That’s right, provided we refer to Classical Greek where prosody in pronunciation was a reality.

    But what if there is an accent mark on the omicron?

    Have in mind that Classical Greek was written in capital letters, with no separating spaces between the words and there were no accent or punctuation marks. It was only around 200 B.C. that the Greek scholar Aristophanes of Byzantium in Alexandria invented the accent system which started being used in Hellenistic Greek and from then on.

    Doesn't the accent mark indicate a long vowel in Ancient Greek?

    No, it doesn’t. Of course, it is understood that we refer to the lower-case scripts, the use of which was finally established in the 9th century A.D.
     
    Last edited:

    Wadi Hanifa

    Senior Member
    Arabic
    No, it doesn’t. Of course, it is understood that we refer to the lower-case scripts, the use of which was finally established in the 9th century A.D.

    Ok that's good to know. I'm having trouble understanding how Ancient and Modern Greek differ with respect to vowel quality and stress, to be honest. This is the impression I got from textbooks (which apparently is wrong but would be grateful if someone can correct it):

    Ancient:
    - Vowel length: variable*; phonemic
    - Stress: governed by accentuation rules; not phonemic

    Modern:
    - Vowel length: ??? [I honestly have no clue at this point]
    - Stress: phonemic

    * i.e. some vowels can be long or short (alpha, iota and upsilon), while others can only be long (omega, eta) or only be short (omicron, epsilon)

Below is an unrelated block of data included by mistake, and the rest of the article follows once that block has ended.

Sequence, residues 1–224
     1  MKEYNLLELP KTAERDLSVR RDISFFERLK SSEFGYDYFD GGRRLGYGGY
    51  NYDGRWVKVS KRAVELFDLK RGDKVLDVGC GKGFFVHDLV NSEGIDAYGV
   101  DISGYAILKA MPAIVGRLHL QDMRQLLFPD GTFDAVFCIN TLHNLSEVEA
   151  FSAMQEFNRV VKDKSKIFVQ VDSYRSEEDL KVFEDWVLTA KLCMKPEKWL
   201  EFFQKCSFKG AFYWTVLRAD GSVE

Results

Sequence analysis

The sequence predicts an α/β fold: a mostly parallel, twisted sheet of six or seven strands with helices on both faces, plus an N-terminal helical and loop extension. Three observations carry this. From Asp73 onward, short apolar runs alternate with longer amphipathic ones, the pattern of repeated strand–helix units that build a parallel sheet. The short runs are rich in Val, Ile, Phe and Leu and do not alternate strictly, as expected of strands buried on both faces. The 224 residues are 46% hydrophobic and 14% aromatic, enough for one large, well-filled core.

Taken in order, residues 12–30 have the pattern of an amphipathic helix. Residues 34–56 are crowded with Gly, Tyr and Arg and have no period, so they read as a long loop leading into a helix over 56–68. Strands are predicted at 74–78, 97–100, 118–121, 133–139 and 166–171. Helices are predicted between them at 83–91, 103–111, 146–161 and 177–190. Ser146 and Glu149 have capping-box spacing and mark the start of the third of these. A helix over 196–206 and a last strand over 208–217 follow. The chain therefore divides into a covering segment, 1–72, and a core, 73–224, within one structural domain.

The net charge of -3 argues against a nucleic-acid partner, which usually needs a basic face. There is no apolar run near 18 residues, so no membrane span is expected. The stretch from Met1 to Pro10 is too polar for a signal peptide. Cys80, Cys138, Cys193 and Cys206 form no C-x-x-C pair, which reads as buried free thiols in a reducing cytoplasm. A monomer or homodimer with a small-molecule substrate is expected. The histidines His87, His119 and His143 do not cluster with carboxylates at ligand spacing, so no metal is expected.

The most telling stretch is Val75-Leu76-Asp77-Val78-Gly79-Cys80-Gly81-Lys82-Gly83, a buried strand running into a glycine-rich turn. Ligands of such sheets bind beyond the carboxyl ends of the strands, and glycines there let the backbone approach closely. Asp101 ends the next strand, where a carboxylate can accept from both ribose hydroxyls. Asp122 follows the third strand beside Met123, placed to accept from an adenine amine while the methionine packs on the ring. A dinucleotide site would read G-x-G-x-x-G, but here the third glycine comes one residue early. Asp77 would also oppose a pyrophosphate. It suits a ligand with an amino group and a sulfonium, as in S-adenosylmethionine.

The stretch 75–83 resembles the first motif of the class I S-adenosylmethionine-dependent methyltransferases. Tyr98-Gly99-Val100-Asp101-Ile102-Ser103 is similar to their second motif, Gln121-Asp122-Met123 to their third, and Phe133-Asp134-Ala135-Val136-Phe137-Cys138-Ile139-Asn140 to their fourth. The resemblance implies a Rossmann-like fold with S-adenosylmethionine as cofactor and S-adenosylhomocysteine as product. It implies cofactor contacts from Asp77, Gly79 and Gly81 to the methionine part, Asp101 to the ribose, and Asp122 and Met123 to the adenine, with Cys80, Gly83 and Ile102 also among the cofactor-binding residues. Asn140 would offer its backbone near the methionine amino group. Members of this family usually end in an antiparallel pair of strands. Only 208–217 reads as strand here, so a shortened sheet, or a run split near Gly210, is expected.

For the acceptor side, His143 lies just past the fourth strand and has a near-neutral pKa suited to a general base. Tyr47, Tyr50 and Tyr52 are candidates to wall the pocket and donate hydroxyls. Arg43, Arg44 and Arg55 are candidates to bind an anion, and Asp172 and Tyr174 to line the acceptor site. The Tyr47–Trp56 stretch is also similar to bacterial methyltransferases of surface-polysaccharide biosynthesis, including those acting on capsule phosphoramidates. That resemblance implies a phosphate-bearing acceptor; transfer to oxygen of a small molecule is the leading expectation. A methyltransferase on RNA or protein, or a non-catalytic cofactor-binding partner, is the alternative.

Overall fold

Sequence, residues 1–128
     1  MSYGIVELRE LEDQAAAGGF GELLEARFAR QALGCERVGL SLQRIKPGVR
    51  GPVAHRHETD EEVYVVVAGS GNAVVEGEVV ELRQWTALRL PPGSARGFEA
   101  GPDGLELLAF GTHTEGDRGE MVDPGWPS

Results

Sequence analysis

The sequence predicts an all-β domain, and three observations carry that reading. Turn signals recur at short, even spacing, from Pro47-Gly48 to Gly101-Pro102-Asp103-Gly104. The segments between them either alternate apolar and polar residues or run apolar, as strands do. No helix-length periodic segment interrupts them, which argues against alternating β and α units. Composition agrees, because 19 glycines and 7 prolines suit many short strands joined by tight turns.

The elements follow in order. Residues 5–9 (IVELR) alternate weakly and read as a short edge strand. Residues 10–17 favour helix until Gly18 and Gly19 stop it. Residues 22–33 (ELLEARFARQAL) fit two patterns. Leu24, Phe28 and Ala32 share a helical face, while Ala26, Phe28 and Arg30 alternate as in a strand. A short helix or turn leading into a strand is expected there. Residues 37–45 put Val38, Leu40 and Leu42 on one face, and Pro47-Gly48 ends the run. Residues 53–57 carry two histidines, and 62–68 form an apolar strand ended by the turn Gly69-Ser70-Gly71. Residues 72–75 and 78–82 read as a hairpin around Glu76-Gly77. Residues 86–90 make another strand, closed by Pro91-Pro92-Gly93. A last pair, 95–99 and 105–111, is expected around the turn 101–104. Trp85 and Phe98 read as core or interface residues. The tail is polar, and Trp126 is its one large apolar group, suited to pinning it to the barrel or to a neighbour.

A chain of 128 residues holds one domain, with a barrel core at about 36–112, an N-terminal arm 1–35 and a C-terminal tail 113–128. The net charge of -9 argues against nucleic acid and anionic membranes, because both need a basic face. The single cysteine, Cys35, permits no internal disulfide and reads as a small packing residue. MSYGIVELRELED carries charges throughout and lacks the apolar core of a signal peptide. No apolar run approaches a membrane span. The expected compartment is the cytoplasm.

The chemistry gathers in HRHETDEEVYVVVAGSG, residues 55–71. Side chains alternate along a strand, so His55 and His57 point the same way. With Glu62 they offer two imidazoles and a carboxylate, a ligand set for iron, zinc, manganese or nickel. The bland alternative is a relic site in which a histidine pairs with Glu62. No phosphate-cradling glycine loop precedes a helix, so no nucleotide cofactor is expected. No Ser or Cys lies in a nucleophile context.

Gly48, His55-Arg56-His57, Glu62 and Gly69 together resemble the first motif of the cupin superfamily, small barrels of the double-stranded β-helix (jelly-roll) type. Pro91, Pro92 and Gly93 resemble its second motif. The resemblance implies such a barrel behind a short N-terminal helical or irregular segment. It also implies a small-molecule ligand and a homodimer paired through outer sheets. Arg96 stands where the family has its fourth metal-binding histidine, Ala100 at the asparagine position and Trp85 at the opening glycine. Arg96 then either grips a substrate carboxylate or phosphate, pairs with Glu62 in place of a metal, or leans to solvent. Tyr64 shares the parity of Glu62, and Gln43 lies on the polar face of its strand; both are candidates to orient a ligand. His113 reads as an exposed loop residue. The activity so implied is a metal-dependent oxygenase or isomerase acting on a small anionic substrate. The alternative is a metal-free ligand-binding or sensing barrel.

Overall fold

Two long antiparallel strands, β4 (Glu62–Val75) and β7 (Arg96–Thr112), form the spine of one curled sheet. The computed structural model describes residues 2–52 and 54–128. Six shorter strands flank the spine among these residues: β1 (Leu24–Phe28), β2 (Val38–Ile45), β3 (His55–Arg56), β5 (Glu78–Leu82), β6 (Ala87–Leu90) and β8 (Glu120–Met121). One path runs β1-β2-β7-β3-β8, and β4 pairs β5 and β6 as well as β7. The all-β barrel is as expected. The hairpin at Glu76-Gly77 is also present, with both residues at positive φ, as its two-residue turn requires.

ioanell

    Senior Member
    Greek
    But what if there is an accent mark on the omicron? Doesn't the accent mark indicate a long vowel in Ancient Greek...?

    Coming to amend what I’ m afraid I left incomplete in my previous posting, I should say that my answer “No, it doesn’t.” above was referring to your question about a supposed accent on the omicron, o”, because omicron (and epsilon, “ε”, as well) was a short vowel regardless if it was accented or not. Given the three kinds of accent marks, i.e. ὀξεῖα [acute], βαρεῖα [grave] and περισπωμένη [circumflex], invented by Aristophanes of Byzantium in order to help render the ancient pitched prosody, the letter omicron, as a short vowel, couldn’t take, if accented, but ὀξεῖα (or βαρεῖα in special cases), e.g. πόνος. But if a long vowel was to be accented, it would take (depending on the place of the syllable it was in and the vowel of the following syllable) either ὀξεῖα (e.g. ΧὨΡΑ/χώρα, ΤΙΜΉ/τιμή) or περισπωμένη (e.g. Κ΄`ΗΠΟΣ/κῆπος, ΓΛ΄`ΩΤΤΑ/γλῶττα, etc). So, if the accent was a περισπωμένη, then the vowel (or the diphthong) was certainly long.

    I'm having trouble understanding how Ancient and Modern Greek differ with respect to vowel quality and stress

    Α basic feature of Ancient Greek was prosody, that is differentiation in the pronunciation of long and short vowels, in combination with a pitched accent; that is the accented syllable was pronounced in a higher tone (something like e.g. the word ἄριστος would be pronounced as [sol]-ρι
     

    Αγγελος

    Senior Member
    Greek